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Dump Your DMZ! Print E-mail
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Source: Redmond Mag - Posted by Benjamin D. Thomas   
Network Security DMZs (short for demilitarized zones) have been a standard component of network design ever since firewalls were invented. A DMZ is a network segment that contains all resources, such as Web servers and mail servers, accessible from the Internet. Implementing a DMZ allows you to limit network traffic from the Internet to these resources in the DMZ, while preventing any network traffic from the Internet to your internal network. As a general rule, a DMZ server should never contain any valuable data, so even if someone managed to break into a server in the DMZ, the damage would be minor.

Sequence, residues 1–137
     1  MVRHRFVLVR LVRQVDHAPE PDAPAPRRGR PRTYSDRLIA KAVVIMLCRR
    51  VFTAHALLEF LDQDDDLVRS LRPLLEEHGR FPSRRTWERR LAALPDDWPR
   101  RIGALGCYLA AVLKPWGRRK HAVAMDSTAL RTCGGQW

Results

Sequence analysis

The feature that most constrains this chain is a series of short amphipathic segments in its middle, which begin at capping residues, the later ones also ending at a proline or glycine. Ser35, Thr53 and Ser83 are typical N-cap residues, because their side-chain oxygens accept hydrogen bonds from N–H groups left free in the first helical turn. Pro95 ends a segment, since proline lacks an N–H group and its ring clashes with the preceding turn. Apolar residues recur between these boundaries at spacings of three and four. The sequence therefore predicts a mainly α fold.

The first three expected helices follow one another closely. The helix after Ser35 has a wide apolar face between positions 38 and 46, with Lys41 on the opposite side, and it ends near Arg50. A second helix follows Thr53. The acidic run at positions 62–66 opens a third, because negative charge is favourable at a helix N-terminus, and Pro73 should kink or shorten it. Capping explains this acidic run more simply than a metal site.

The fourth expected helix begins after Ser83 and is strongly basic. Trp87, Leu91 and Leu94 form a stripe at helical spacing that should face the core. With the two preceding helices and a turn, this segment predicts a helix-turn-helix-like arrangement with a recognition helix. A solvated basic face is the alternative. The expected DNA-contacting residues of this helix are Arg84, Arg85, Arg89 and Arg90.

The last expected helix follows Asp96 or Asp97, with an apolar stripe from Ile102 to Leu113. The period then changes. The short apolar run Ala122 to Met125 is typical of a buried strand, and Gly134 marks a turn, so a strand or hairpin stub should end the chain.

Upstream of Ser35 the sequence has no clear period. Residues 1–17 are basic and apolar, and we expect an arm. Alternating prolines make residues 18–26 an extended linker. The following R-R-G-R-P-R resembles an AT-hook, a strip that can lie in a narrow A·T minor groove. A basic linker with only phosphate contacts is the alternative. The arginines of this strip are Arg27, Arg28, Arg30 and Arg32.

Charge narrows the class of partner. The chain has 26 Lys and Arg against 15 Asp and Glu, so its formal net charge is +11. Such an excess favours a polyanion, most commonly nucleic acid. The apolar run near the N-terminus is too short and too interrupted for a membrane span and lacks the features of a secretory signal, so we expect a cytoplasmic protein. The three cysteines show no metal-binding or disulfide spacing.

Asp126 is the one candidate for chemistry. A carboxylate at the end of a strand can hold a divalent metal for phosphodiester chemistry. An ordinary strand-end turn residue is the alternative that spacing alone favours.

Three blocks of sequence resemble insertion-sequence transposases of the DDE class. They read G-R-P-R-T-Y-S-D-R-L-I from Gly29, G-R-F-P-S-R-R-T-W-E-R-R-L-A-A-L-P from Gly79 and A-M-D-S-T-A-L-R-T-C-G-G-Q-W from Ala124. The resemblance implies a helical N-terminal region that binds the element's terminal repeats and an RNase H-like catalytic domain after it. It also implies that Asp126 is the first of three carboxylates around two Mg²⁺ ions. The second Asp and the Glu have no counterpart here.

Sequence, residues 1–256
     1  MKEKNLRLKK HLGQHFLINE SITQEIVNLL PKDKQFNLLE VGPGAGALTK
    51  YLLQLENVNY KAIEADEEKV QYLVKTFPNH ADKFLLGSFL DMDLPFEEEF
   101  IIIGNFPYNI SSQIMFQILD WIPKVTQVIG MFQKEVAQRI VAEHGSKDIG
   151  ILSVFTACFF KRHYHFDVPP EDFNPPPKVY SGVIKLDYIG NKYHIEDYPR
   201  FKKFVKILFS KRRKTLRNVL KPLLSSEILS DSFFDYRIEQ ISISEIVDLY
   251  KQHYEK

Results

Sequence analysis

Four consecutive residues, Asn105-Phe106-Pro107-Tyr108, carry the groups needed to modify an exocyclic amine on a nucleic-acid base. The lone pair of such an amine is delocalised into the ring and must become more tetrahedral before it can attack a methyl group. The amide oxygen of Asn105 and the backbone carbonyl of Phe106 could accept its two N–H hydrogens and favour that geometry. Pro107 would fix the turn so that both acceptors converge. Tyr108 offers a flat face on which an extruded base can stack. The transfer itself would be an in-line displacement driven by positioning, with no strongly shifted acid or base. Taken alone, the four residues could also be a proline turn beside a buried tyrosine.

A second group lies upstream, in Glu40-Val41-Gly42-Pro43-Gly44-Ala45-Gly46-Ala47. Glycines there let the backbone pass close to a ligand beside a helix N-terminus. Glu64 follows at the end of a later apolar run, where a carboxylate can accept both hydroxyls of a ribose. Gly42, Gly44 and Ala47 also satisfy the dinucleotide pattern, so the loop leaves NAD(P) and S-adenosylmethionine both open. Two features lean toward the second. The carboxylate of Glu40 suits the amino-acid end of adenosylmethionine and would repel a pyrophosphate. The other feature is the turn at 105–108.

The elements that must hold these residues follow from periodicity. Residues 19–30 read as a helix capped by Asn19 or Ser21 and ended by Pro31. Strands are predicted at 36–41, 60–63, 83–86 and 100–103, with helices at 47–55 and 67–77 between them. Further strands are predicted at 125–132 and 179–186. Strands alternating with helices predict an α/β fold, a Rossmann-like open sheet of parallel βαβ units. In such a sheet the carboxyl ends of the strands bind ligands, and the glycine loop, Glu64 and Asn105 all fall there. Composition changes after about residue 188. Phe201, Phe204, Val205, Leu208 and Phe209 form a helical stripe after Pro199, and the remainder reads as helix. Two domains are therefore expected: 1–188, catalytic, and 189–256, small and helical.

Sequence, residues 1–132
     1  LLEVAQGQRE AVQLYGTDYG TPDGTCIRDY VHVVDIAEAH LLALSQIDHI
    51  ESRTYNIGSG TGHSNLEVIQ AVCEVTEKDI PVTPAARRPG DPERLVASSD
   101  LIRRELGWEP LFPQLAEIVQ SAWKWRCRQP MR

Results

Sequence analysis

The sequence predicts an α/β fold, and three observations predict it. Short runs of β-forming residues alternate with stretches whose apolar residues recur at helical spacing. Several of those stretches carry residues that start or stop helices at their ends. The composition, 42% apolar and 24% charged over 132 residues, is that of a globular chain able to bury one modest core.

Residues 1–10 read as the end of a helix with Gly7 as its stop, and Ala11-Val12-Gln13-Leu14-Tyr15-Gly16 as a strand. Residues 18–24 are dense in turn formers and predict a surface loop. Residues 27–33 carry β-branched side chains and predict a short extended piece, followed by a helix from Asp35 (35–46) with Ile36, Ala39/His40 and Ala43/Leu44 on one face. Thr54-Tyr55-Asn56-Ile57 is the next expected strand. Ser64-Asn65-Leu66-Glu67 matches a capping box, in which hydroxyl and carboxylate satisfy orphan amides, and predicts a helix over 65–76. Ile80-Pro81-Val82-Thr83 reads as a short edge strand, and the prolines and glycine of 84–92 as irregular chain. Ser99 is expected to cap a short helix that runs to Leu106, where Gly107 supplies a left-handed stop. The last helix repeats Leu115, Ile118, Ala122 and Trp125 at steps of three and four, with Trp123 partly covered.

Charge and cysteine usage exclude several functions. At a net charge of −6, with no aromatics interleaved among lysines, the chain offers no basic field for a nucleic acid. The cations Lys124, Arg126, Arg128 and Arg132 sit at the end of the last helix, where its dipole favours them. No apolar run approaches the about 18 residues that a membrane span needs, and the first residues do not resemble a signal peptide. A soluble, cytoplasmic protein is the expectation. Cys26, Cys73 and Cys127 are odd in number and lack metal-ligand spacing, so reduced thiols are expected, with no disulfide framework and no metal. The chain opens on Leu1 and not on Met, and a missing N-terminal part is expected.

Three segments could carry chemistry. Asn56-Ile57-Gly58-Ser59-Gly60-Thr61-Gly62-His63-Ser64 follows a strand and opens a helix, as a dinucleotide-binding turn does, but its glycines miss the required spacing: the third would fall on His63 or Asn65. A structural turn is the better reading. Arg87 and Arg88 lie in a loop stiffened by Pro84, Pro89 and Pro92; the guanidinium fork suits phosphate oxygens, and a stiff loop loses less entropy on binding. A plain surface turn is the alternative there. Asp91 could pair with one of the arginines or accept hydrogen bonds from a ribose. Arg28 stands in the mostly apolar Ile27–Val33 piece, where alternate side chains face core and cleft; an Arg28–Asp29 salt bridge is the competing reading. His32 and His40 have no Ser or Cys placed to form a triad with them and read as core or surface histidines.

Things get more complicated when you need to allow some traffic between the DMZ and other servers. You may have SMTP relay servers in your DMZ that need to communicate with internal mail servers or a Web server that gets its data from an internal database server. Unfortunately, implementing a DMZ-based solution that allows for such communications often leads to an inefficient or ineffective DMZ.

Read this full article at Redmond Mag

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